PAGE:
The only suspect to show remorse for the carnage of last year's deadly Bali bombings went on trial yesterday, accused of planning and carrying out the attacks that killed 202 people, mostly foreign tourists.
Ali Imron, the fourth key suspect to face justice over the Oct. 12 bombings, appeared in court in a Western-style suit and tie, and not the Islamic attire worn at earlier hearings for the other main accused -- Imron's two older brothers Amrozi and Mukhlas and alleged mastermind Imam Samudra.
Also unlike the other suspects -- who punctuated their court appearances with theatric shouts of religious slogans and claims that the blasts were part of a holy war against the enemies of Islam -- Imron sat quietly as charges were read against him.
All four men have admitted taking part in the blasts and face the death penalty if found guilty under newly passed anti-terror laws.
Earlier yesterday, judges said they would announce a verdict against Amrozi on Aug. 7.
At the start of his trial, Imron looked straight ahead as prosecutors detailed how he allegedly helped assemble the bombs and drove the minivan used in one of the blasts to the scene of the attack.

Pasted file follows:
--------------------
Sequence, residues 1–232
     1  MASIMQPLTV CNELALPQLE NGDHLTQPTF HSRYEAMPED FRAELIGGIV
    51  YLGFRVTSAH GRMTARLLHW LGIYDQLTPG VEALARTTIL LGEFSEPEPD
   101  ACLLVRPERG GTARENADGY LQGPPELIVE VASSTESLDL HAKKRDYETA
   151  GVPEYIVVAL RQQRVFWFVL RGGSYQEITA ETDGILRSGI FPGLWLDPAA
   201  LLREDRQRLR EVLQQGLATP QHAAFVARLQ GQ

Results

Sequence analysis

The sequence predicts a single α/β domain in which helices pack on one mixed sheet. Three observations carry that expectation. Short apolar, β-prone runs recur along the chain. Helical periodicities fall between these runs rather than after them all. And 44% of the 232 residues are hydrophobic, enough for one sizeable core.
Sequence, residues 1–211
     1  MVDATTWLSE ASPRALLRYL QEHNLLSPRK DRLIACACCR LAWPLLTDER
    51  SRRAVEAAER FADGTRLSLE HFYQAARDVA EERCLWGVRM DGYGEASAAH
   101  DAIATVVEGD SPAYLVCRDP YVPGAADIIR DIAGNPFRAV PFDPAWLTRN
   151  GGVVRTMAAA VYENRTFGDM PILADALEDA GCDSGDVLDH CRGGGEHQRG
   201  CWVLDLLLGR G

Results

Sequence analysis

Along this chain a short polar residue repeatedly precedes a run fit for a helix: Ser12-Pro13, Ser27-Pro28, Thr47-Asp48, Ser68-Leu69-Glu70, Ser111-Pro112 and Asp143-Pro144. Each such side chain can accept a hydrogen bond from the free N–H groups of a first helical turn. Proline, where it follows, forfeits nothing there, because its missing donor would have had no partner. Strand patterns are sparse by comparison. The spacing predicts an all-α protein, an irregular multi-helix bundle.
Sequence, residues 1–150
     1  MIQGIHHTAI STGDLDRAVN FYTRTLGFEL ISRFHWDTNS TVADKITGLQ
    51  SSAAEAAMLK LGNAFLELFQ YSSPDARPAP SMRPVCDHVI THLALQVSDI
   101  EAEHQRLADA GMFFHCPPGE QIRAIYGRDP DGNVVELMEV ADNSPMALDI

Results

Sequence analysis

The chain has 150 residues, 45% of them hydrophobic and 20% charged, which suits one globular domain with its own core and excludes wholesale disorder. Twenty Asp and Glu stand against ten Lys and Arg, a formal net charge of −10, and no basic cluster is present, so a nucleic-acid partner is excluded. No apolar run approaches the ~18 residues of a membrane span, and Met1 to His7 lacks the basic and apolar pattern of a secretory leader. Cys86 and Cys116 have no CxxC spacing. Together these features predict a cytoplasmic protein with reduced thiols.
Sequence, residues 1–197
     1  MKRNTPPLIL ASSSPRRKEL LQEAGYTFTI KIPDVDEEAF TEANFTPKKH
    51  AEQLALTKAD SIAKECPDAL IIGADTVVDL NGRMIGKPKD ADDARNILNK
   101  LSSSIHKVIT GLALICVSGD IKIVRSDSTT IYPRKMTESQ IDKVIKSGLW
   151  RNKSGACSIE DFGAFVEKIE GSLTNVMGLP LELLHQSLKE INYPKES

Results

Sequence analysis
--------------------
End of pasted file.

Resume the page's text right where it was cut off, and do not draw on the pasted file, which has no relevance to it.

"The defendant took part in the planning ... and the execution of the Bali bombings," prosecutor Gusti Putu Sulaba said.
The trial was adjourned until next week when prosecutors will call their first witnesses.
After his arrest last year, Imron gave a media conference in which he showed reporters how he and others allegedly assembled the explosives used in one of the bombs.
"In my heart, I regret this," he said at the time. "I want to apologize to the victims' families in Indonesia and to foreign families."
Imron's lawyer told reporters on Sunday that his client believed the attack was not permitted under Islam.
"Imron is not like Amrozi," said Suyanto, who goes by a single name like many Indonesians. "He believes that jihad in Bali is wrong."
Imron, described in court as a religious teacher, is one of more than 30 people arrested over the blasts. At least nine are accused of playing a direct role in the attack.